Blog music reflections WRITING

casual ties

casual ties

no one had the courage to write his story. not even me.

each tour changed him, and somewhere between hearing one too many blasts and seeing one too many horrifying deaths caused by his hands, we knew he’d never be the same. those coffins were a play on words. he was the casualty. his wife and unborn children. they were the casualties. and us? we called ourselves the grateful, because we didn’t have the courage to knock on his door and ask the hard questions answered by hard eyes.

before the first tour he wanted to go back to school and later teach history at the local community college, but after the last battle he had just enough energy to be a dishwasher. when he got fired after six dishwasher jobs in six months his pregnant wife left him. he was so good at not showing his pain that he no longer had the desire to show anything. he never told her about the chemicals or how his hands shook and went numb without warning and how each dishwashing job led to dropping more plates than he could clean.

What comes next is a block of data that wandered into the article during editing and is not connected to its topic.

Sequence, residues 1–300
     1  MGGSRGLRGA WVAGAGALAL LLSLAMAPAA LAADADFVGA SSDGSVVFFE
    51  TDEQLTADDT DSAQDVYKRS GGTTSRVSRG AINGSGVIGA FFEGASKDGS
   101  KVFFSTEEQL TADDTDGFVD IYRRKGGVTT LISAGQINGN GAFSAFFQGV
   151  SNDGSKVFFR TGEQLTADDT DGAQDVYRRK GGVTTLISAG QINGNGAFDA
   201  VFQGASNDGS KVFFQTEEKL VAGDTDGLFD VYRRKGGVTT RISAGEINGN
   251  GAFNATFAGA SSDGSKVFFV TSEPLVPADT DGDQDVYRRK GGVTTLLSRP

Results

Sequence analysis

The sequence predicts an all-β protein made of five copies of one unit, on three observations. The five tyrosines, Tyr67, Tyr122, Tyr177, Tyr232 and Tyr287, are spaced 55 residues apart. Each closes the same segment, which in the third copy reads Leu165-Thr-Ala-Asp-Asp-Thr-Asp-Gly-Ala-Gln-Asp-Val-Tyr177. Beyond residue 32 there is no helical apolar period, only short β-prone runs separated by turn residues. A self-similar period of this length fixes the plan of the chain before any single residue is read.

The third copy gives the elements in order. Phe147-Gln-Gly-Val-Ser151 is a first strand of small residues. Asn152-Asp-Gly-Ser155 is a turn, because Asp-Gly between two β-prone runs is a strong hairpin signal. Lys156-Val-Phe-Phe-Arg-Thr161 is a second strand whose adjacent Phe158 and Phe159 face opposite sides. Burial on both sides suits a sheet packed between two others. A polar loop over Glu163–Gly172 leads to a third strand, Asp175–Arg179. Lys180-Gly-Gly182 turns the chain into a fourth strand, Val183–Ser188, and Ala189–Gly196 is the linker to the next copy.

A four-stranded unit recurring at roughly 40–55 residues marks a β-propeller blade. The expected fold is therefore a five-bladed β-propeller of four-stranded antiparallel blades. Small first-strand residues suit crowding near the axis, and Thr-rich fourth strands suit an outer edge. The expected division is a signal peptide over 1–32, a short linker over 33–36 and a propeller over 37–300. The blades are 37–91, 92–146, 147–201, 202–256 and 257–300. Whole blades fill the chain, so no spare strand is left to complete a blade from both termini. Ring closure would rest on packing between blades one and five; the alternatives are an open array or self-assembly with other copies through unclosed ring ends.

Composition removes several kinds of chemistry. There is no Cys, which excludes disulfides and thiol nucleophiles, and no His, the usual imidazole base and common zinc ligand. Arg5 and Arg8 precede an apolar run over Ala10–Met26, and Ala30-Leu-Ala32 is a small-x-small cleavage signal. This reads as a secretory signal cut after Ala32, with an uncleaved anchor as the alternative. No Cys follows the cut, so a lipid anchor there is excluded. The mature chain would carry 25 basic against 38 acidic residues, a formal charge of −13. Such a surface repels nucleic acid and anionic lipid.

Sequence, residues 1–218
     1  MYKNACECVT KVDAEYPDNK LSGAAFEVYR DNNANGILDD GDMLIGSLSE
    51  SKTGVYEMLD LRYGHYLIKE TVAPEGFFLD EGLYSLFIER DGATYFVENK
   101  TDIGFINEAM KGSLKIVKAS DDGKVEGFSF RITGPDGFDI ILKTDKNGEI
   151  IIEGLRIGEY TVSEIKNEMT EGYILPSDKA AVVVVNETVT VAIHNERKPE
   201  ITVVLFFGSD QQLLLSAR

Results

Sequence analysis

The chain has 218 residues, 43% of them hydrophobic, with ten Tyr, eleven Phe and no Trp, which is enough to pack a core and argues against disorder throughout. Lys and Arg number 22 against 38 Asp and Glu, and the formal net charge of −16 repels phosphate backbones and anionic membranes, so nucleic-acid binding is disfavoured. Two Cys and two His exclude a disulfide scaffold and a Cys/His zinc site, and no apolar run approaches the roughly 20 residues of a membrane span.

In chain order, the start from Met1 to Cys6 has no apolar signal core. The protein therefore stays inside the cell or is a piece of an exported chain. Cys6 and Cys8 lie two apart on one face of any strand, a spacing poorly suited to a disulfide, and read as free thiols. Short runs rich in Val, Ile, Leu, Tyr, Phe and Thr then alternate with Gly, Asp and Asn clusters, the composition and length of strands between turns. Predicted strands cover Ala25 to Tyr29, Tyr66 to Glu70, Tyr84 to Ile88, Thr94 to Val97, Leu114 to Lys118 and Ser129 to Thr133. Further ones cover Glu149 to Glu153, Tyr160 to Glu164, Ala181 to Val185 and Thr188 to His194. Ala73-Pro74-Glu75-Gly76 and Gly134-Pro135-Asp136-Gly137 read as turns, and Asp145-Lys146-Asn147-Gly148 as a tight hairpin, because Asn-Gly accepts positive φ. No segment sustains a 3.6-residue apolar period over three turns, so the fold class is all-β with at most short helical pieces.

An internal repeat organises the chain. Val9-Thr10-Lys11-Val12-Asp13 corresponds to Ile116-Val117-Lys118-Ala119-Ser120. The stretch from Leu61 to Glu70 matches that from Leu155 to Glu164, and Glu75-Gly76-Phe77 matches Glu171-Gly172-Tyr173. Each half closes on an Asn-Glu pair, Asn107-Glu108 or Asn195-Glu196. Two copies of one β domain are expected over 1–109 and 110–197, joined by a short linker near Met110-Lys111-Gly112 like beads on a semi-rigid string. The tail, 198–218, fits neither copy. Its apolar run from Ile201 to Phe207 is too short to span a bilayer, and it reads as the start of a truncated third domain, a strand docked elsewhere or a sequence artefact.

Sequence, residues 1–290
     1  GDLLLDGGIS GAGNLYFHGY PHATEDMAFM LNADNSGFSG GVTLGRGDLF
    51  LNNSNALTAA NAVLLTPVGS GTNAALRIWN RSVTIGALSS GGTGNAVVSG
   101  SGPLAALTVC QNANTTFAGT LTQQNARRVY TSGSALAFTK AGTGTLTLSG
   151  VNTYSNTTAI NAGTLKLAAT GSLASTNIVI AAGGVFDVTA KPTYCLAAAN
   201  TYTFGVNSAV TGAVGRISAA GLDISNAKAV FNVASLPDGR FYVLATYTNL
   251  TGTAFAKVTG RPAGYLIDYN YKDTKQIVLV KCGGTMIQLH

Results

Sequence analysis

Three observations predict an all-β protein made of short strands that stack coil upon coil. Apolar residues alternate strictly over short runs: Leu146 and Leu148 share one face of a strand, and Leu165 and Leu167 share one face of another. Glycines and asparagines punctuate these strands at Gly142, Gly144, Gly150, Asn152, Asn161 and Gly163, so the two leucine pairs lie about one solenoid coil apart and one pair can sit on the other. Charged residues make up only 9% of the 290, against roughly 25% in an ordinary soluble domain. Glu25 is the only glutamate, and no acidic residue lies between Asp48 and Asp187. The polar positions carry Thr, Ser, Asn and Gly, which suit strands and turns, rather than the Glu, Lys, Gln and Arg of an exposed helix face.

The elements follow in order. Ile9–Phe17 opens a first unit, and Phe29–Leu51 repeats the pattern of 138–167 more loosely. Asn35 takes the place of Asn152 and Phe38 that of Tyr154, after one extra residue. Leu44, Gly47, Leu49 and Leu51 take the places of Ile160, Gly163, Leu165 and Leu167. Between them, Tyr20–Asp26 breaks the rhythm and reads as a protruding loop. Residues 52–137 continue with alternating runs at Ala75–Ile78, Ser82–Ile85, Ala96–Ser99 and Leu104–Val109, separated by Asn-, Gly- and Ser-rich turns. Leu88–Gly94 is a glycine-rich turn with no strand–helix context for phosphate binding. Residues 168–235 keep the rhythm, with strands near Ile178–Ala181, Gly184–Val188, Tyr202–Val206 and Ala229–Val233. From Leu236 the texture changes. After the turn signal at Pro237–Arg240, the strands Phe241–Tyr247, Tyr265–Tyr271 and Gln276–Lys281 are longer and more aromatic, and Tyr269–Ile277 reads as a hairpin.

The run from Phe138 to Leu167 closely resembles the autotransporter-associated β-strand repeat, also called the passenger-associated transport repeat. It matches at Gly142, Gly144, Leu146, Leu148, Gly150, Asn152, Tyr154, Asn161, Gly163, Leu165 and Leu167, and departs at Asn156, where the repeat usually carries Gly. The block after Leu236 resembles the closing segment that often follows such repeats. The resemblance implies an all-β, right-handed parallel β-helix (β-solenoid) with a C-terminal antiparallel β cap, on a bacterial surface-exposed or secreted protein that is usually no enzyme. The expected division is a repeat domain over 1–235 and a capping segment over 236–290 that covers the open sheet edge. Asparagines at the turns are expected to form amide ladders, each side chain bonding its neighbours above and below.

the va gave him a placebo prescription of more pain by leaving him in a three month waiting room.

no one called. no one visited. his number never came up in the end and no one, not even me, had the courage to hold the pen he couldn’t.

<a class="wp-block-button__link has-black-color has-text-color has-background" href="<a href="">University of Glasgow. LibraryE-BOOK DOWNLOAD

0 comments on “casual ties

Leave a Reply

Please log in using one of these methods to post your comment: Logo

You are commenting using your account. Log Out /  Change )

Google photo

You are commenting using your Google account. Log Out /  Change )

Twitter picture

You are commenting using your Twitter account. Log Out /  Change )

Facebook photo

You are commenting using your Facebook account. Log Out /  Change )

Connecting to %s

%d bloggers like this: